September 2015
Volume 15, Issue 12
Free
Vision Sciences Society Annual Meeting Abstract  |   September 2015
Distinguishing between texture and shading flows for 3D shape estimation
Author Affiliations
  • Steven Cholewiak
    Department of Psychology, Justus-Liebig-University Giessen, Germany
  • Romain Vergne
    Univ. Grenoble, CNRS, INRIA, France
  • Benjamin Kunsberg
    Program in Applied Mathematics, Yale University, USA
  • Steven Zucker
    Program in Applied Mathematics, Yale University, USA
  • Roland Fleming
    Department of Psychology, Justus-Liebig-University Giessen, Germany
Journal of Vision September 2015, Vol.15, 965. doi:10.1167/15.12.965
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      Steven Cholewiak, Romain Vergne, Benjamin Kunsberg, Steven Zucker, Roland Fleming; Distinguishing between texture and shading flows for 3D shape estimation. Journal of Vision 2015;15(12):965. doi: 10.1167/15.12.965.

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      © ARVO (1962-2015); The Authors (2016-present)

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Abstract

The visual system can infer 3D shape from orientation flows arising from both texture and shading patterns. However, these two types of flows provide fundamentally different information about surface structure. Texture flows, when derived from distinct elements, mainly signal first-order features (surface slant), whereas shading flow orientations primarily relate to second-order surface properties. It is therefore crucial for the brain to identify whether flow patterns originate from shading or texture to correctly infer shape. One possible approach would be to use 'surface appearance' (e.g. smooth gradients vs. fine-scale texture) to distinguish texture from shading. However, the structure of the flow fields themselves may indicate whether a given flow is more likely due to first- or second-order shape information. Here we test these two possibilities. We generated irregular objects ('blobs') using sinusoidal perturbations of spheres. We then derived two new objects from each blob: One whose shading flow matched the original object's texture flow, and another whose texture flow matched the original's shading flow. Using high and low frequency environment maps to render the surfaces, we were able to manipulate surface appearance independently from the flow structure. This provided a critical test of how appearance interacts with orientation flow when estimating 3D shape and revealed some striking illusions of shape. In an adjustment task, observers matched the perceived shape of a standard object to each comparison object by morphing between the generated shape surfaces. In a 2AFC task, observers were shown two manipulations for each blob and indicated which one matched a briefly flashed standard. Performance was compared to an orientation flow based model and confirmed that observers' judgments agreed with texture and shading flow predictions. Both the structure of the flow and overall appearance are important for shape perception, but appearance cues determine the inferred source of the observed flowfield.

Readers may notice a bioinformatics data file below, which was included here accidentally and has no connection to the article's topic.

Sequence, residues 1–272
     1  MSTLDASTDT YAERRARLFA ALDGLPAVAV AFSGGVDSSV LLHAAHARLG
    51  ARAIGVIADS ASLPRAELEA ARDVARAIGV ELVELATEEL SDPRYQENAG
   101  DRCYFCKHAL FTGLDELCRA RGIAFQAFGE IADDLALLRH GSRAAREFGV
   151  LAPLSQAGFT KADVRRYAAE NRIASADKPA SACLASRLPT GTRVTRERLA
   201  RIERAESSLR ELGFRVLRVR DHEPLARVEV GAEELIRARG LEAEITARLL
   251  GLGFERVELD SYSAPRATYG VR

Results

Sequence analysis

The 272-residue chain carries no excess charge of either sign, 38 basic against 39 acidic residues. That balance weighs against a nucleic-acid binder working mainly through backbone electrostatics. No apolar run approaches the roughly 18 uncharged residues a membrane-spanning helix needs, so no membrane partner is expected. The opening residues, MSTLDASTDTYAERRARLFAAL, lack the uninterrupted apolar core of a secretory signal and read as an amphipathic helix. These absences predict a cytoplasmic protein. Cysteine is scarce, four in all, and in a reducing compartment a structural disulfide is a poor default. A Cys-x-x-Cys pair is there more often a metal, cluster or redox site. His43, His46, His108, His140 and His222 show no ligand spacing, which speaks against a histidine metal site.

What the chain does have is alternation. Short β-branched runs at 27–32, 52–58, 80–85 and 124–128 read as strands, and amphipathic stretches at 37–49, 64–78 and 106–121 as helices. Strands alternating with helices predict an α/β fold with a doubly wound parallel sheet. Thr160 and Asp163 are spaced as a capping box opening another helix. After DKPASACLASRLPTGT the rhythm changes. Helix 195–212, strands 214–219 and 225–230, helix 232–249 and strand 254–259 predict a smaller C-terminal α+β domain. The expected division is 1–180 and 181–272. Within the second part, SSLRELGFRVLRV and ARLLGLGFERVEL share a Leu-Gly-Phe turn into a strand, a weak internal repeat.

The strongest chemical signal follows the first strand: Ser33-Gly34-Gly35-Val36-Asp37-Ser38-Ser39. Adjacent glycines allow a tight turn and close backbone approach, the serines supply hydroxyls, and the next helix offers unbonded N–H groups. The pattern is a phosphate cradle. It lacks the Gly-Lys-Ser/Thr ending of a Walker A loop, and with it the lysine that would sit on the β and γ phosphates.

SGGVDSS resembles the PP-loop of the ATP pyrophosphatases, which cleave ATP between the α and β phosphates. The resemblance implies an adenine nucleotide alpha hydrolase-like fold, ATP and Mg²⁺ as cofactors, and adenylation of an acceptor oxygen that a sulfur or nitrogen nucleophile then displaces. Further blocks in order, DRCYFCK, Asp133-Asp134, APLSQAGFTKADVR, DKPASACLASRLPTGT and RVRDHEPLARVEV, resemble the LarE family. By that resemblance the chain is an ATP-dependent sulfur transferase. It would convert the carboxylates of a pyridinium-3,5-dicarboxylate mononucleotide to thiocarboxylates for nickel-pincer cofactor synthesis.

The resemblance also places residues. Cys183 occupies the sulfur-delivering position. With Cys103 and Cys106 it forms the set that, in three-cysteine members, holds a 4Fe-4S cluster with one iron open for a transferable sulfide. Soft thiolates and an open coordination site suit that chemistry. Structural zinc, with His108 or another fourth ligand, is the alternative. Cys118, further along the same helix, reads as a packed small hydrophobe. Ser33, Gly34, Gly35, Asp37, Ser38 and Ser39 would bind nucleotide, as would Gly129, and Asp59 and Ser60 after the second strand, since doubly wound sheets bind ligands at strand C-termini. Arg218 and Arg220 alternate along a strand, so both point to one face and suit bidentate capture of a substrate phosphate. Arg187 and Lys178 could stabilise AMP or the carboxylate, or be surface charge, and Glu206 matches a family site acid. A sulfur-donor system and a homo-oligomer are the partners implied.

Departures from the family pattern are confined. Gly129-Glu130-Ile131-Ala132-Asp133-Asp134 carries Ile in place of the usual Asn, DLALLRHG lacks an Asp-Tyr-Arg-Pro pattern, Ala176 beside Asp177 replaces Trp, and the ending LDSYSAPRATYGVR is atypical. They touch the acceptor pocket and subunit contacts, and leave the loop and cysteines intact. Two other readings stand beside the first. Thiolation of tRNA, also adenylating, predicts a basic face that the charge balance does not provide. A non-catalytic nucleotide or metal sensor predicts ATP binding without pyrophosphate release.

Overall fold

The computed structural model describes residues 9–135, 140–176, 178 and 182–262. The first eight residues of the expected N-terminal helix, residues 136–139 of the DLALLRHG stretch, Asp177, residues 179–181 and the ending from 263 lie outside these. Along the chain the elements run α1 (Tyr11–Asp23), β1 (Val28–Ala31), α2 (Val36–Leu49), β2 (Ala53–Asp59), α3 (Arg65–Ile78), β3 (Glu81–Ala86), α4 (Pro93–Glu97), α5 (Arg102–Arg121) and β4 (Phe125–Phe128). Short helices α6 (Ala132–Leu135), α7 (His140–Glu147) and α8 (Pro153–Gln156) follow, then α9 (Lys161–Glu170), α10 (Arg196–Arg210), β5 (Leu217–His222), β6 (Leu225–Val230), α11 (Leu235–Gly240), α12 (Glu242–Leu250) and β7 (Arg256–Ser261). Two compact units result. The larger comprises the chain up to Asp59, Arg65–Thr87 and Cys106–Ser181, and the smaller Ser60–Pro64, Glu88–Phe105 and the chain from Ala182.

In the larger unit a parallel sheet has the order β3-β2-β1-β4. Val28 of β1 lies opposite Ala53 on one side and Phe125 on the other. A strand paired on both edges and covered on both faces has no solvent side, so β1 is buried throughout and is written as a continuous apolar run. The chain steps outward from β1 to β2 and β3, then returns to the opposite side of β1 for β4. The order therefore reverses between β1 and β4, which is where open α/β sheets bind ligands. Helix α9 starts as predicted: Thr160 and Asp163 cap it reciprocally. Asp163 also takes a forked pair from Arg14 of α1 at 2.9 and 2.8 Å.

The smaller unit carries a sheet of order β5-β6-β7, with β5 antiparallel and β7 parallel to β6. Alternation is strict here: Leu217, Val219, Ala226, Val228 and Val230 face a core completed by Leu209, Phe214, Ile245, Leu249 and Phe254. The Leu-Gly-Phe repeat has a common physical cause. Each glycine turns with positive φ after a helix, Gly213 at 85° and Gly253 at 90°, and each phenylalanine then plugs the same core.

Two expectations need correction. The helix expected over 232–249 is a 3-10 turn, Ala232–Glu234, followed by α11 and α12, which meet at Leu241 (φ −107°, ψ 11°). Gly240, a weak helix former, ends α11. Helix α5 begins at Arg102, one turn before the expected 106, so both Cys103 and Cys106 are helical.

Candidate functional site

Meeting abstract presented at VSS 2015

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